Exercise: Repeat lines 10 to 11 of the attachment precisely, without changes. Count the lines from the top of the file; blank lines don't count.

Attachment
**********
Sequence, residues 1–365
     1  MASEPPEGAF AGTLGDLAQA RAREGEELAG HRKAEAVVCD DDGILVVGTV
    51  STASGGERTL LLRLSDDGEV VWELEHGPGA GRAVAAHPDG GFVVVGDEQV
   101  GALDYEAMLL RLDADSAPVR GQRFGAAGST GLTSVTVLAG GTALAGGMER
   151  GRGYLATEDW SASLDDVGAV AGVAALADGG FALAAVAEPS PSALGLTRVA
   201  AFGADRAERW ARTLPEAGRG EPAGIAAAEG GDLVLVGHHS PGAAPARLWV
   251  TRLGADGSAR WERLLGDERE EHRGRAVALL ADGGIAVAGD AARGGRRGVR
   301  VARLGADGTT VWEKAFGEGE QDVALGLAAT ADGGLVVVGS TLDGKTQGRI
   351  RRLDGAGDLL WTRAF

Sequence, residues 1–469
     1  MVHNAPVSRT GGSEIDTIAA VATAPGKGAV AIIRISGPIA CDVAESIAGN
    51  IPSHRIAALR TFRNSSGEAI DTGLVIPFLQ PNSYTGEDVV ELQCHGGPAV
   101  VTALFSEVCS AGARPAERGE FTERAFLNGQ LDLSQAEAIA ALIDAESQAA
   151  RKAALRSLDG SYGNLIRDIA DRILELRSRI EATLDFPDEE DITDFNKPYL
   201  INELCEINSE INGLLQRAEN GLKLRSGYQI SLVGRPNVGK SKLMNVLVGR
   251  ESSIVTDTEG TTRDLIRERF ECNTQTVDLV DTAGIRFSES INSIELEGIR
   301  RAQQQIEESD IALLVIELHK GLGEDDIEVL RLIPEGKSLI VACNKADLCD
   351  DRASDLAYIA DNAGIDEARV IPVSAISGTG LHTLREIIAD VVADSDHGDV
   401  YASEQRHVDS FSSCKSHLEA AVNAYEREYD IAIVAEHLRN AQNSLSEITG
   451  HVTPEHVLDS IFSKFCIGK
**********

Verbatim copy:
Sequence, residues 1–469
     1  MVHNAPVSRT GGSEIDTIAA VATAPGKGAV AIIRISGPIA CDVAESIAGN